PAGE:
Jump to ContentJump to Main Navigation
The Land Is Our HistoryIndigeneity, Law, and the Settler State$
Users without a subscription are not able to see the full content.

Miranda Johnson

Print publication date: 2016

Print ISBN-13: 9780190600020

Published to Oxford Scholarship Online: October 2016

DOI: 10.1093/acprof:oso/9780190600020.001.0001

Show Summary Details
Page of

PRINTED FROM OXFORD SCHOLARSHIP ONLINE (oxford.universitypressscholarship.com). (c) Copyright Oxford University Press, 2022. All Rights Reserved. An individual user may print out a PDF of a single chapter of a monograph in OSO for personal use.date: 03 July 2022

Making a “Partnership between Races”

Making a “Partnership between Races”

Maori activism and the Treaty of Waitangi

(p.107) 5 Making a “Partnership between Races”
The Land Is Our History

Miranda Johnson

Oxford University Press

Chapter 5 takes the story of indigenous activism to New Zealand where it chronicles how Maori activists contested the terms of their incorporation into a symbolic national story. Beginning with protests against the interpretation of the colonial Treaty of Waitangi (1840) as making one people in the settler state, it follows young activists as they joined with older leaders to demand land rights and asserted their distinct identity. The chapter explores the significant reinterpretation of the treaty as recognizing Maori sovereignty in the context of a newly created commission of inquiry, the Waitangi Tribunal, established in 1975 to examine Maori grievances. The chapter concludes with a discussion of the 1987 Lands Case in the context of radical neoliberal reforms to New Zealand’s economy and considers how and why judges in that case recognized Maori as partners with the Crown.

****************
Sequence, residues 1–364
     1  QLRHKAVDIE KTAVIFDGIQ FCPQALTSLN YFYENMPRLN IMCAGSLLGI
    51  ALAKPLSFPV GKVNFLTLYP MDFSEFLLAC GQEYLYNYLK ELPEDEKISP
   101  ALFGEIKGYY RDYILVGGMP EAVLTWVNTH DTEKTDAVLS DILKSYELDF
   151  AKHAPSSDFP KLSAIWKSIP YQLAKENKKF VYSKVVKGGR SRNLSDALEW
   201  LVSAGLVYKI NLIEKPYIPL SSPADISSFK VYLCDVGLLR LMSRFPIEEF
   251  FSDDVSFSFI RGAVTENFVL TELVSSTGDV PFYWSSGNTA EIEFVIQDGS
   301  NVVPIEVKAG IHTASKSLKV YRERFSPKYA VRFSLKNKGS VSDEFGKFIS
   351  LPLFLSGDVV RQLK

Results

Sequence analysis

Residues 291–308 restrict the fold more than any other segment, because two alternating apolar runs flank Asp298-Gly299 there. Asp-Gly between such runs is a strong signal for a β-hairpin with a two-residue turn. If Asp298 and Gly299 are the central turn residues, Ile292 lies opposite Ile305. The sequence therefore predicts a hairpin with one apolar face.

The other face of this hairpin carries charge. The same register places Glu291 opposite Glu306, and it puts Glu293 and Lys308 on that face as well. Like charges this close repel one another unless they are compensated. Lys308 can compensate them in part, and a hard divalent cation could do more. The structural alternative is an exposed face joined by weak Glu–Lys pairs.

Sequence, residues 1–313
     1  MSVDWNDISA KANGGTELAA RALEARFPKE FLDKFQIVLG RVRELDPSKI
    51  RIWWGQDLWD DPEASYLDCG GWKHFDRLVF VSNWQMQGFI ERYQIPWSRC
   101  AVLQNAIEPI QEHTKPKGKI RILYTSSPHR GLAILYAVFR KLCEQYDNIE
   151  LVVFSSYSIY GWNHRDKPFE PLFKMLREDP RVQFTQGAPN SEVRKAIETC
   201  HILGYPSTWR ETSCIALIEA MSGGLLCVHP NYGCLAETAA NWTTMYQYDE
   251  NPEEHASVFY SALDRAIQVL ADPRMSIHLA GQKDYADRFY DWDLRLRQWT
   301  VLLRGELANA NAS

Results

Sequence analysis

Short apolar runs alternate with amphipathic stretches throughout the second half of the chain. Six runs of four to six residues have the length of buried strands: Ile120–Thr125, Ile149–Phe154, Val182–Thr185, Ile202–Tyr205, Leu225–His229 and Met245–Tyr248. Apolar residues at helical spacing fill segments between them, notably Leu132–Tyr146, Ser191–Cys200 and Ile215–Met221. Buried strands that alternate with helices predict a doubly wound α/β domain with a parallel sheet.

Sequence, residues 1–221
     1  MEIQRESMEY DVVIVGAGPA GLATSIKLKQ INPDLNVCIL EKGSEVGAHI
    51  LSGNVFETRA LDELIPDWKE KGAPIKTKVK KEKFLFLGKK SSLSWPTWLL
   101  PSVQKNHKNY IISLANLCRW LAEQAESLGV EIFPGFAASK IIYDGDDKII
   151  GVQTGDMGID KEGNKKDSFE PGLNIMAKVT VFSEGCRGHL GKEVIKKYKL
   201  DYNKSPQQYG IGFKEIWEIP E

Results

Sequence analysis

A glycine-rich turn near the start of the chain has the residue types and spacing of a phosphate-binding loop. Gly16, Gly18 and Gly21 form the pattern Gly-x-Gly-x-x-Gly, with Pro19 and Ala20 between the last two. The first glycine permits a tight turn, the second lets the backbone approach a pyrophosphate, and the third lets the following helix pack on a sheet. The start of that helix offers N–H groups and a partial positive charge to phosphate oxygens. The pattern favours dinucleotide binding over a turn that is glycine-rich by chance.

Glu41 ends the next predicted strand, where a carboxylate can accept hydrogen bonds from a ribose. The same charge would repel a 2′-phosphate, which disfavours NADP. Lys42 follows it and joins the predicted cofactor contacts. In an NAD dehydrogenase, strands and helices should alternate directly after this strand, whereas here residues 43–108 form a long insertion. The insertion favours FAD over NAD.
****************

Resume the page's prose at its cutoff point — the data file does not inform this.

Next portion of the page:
Keywords:   Treaty of Waitangi, Maori activism, Waitangi Tribunal, Eddie Durie, Rogernomics, biculturalism, Maori sovereignty, rangatiratanga, partnership, Lands Case

Oxford Scholarship Online requires a subscription or purchase to access the full text of books within the service. Public users can however freely search the site and view the abstracts and keywords for each book and chapter.

Please, subscribe or login to access full text content.

If you think you should have access to this title, please contact your librarian.

To troubleshoot, please check our FAQs , and if you can't find the answer there, please contact us .